Aside from all this, in consideration of your note, and its contents from the Pen of Bahá’u’lláh, there is that wonder in my that after all these years that the writing of sonnets comes as easily as it does. Of course, I now have something to say, content [i.e. after over six decades, closer to seven I have seen something of life that is at least as valid as anyone else’s observations]; I have been immersed in reading for over forty years in part due to my own interests and mentality and of course because I was a teacher and naturally had to read whatever it was I ended up teaching in my classes from grade 12 down to grade 4, and by now, I know what pleases me and so when it comes to voice [i.e. my own peculiar style], I think very little at all about how it manages to get onto the page, but rather the simple fact that I enjoy expressing what content I have in a manner that gives me a “bang,” the sort of “bang” that I know exists in me with the reading of certain authors and which in part has much to do with my own growing familiarity with the character of these authors. Writers as they expressed themselves through their narrators become for me a portion of or even one of the characters within each work. In short, I have always been intrigued by who or what “the narrator” is when it comes to the conventions of point of view, and, when it comes to the narrator of my own sonnets, again, there is no guessing; I know who I am and what it is I want to say, and at this point in my life no longer wonder if I have the right or the credentials to say whatever it is that ends up on the page. It was the same in my oral approach to the language as I used it in my own classes over forty or so years. Orally, at least, I have always had a certain ease with content, with voice, and with the audience, my classes, five of them a day for over four decades for nine months of each year. In the written form, however, the only thing lacking, then, at times these days, now that I have retired, is an audience [i.e. the person or persons whether real or imaginary to whom I am writing or from whom I am inspired to write.] You, in particular, are a perfect audience along with some few other souls who have made it plain that they read what I write; the number of souls in any audience matters little to me. At times, it can be a chance comment someone has made who may be reading what I have written and again, the audience is there. The only “dry” period I have ever had throughout my life has been in those rare moments when there is absolutely no audience at all. In those moments, I write nothing insofar as writing to one’s self seems a little perverse to me and sterile, something close to mental masturbation, to be perfectly frank.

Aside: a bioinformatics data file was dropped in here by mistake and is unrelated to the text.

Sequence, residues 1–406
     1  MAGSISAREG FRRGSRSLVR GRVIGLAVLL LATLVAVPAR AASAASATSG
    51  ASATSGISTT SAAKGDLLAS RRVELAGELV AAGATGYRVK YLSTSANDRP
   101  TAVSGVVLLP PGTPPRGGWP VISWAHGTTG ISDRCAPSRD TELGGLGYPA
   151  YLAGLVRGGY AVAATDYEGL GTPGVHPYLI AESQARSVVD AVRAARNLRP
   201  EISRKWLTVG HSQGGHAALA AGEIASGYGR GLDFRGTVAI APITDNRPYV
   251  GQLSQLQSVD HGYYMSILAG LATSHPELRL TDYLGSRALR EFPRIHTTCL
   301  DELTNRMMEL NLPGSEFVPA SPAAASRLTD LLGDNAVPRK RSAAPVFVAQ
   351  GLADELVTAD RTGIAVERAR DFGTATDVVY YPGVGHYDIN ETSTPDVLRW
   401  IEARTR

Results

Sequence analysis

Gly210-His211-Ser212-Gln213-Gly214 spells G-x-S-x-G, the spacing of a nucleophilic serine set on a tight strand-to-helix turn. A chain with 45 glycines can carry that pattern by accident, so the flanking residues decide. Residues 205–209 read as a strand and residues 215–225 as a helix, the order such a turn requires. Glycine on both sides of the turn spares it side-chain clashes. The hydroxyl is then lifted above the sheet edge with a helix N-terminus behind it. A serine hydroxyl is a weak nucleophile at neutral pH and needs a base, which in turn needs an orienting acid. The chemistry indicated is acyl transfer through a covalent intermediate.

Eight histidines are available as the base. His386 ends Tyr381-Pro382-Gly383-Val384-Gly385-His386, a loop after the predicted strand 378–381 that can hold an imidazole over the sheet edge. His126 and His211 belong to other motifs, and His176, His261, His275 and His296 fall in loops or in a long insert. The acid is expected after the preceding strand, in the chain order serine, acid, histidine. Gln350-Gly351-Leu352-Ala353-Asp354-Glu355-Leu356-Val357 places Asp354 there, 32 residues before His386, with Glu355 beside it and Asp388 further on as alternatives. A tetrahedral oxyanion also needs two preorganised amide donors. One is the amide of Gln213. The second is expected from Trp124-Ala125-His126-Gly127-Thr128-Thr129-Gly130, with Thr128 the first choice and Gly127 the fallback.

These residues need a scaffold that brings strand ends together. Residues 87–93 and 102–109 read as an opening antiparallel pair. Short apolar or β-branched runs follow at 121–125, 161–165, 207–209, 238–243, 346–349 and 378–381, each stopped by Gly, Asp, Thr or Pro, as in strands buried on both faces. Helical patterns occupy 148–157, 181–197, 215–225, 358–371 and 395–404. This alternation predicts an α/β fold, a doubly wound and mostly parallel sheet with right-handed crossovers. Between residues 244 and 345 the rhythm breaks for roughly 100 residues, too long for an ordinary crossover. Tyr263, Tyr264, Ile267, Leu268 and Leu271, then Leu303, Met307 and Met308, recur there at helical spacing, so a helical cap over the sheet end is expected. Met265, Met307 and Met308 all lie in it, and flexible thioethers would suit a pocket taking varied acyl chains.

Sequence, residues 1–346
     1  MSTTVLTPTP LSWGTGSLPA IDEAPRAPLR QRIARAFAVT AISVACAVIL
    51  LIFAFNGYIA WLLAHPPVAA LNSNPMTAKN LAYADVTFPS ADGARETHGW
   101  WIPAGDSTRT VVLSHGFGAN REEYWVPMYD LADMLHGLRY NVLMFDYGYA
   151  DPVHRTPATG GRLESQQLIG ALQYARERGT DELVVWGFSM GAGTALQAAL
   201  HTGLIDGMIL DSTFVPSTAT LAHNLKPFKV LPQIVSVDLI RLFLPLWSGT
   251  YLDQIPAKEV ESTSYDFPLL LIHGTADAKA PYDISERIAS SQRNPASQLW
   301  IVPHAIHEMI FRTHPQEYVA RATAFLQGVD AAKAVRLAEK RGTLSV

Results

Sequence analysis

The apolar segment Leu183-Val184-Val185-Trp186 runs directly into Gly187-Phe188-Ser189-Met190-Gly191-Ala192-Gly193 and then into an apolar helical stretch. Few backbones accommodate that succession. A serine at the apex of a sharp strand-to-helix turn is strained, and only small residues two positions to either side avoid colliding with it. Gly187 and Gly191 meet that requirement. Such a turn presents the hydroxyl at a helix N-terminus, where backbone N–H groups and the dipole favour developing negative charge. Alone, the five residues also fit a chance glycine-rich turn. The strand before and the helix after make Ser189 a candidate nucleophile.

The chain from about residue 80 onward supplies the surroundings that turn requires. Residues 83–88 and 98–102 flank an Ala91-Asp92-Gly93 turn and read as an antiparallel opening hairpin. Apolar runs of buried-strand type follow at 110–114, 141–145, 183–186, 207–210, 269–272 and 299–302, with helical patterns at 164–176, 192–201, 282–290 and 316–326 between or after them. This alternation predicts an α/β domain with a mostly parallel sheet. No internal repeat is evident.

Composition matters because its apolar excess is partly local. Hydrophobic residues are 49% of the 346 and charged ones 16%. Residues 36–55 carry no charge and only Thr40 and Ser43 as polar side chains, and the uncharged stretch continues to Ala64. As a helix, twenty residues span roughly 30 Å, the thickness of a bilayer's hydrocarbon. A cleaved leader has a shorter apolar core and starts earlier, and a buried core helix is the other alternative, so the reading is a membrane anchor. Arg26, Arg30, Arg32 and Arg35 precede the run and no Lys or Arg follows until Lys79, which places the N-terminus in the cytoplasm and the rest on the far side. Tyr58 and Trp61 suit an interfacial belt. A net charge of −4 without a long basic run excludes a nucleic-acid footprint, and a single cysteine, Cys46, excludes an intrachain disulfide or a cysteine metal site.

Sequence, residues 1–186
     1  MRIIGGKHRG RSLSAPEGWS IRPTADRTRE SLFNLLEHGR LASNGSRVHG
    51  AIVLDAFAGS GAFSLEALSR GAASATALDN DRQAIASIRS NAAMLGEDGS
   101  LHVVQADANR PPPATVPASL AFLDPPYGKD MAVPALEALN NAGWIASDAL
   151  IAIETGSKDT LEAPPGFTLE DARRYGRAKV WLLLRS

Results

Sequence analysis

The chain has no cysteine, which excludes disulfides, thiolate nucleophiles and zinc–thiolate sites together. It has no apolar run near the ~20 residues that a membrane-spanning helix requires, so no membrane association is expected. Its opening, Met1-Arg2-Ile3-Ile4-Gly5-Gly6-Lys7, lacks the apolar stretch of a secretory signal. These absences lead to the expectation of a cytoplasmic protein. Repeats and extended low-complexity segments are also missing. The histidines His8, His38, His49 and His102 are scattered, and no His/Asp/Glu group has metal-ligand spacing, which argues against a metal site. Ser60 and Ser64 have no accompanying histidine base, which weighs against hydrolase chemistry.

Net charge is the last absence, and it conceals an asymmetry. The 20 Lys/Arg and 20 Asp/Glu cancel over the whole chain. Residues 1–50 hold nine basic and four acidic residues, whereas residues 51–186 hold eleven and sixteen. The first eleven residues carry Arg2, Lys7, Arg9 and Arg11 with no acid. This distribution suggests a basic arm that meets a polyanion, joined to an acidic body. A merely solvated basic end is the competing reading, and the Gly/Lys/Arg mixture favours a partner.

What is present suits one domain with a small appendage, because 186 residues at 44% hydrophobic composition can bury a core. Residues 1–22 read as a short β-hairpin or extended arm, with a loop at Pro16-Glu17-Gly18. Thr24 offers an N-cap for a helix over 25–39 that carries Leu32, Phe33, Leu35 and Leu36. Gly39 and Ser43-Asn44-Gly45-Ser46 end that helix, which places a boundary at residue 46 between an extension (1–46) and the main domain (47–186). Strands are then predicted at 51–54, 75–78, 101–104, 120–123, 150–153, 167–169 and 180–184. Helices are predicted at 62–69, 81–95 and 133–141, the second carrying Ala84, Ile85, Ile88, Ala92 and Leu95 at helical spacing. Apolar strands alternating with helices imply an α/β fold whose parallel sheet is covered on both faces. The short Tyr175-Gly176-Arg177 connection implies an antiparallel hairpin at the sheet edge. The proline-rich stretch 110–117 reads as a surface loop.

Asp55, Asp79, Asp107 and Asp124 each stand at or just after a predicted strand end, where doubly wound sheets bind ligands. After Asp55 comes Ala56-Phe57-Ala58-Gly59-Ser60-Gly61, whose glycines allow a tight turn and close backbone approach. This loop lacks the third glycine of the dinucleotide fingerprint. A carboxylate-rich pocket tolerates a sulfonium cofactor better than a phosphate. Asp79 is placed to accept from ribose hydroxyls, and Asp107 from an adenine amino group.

At any rate, having said all this, again, I return to your comment and the Writing you sent and once again, there is the wonder at the source of my own glib attitude whether in oral or written forms of the language. I cannot go so far as to weigh the merits of whatever the “gift” there may be in writing, but it is obvious to me that nothing in this world merely spontaneously combusts for no reason at all and so the fact that I have written anything at all or that the close to 6,000 students I had directly and indirectly ever listened to me for all of four decades seems to me to be a kind of compliment from Him and them [and I mean by that the Concourse on High] that is there but which aside from the sort of reassurance it offers, I can do nothing with, personally. The same is true whatever I have accomplished in my lifetime. If there is a difficulty in discussing the rudiments of writing and what goes into it, it has always been that it is a strain to discuss it as if it were a particularly laudable act any more than being kind to a waitress in a restaurant or being of service to anyone one meets in any given day; in short, I find it difficult to divorce writing from its divine source and always have had this difficulty even when discussing the process in my courses of literature and composition over the years. I know damn well that the Greeks were great because He made them so; that Shakespeare or Einstein had a greatness that had everything to do with Whom it was that made them this way and they were both aware of it. We do not really know if a Homer existed, or, for that matter, just who Shakespeare was insofar as both were not all that anxious to leave clues for later perusal, and that for them, it mattered little as to whom they were but rather that they wrote and left something of their “gift” freely without the need, particularly, to receive homage for whatever they did. I doubt, seriously, if Chaucer had any idea that he was the Father of Middle English or that Shakespeare had any notion of being the Father of Modern English, or even that Elizabeth I was aware of what she managed to accomplish for England when she ensured her gains by remaining unmarried, on the one hand, and dispatching her Catholic rival, Mary Queen of Scots and yet allowed Stuart’s son to become James I of a United Kingdom after both of them left this world. Not that anything I can do could compare with anything close to their greatness, but rather that from what I have seen, any writer of note has never been all that attached to themselves as the instruments they were and in those that were obviously arrogant in their capacities as writers, their personal lives were so traumatic and heavy that I am sure they would freely admit that while they may have had a “gift,” it brought them little ultimate joy and the effects of their writing were ephemeral at best, even though they may have been honoured within their own respective lifetimes.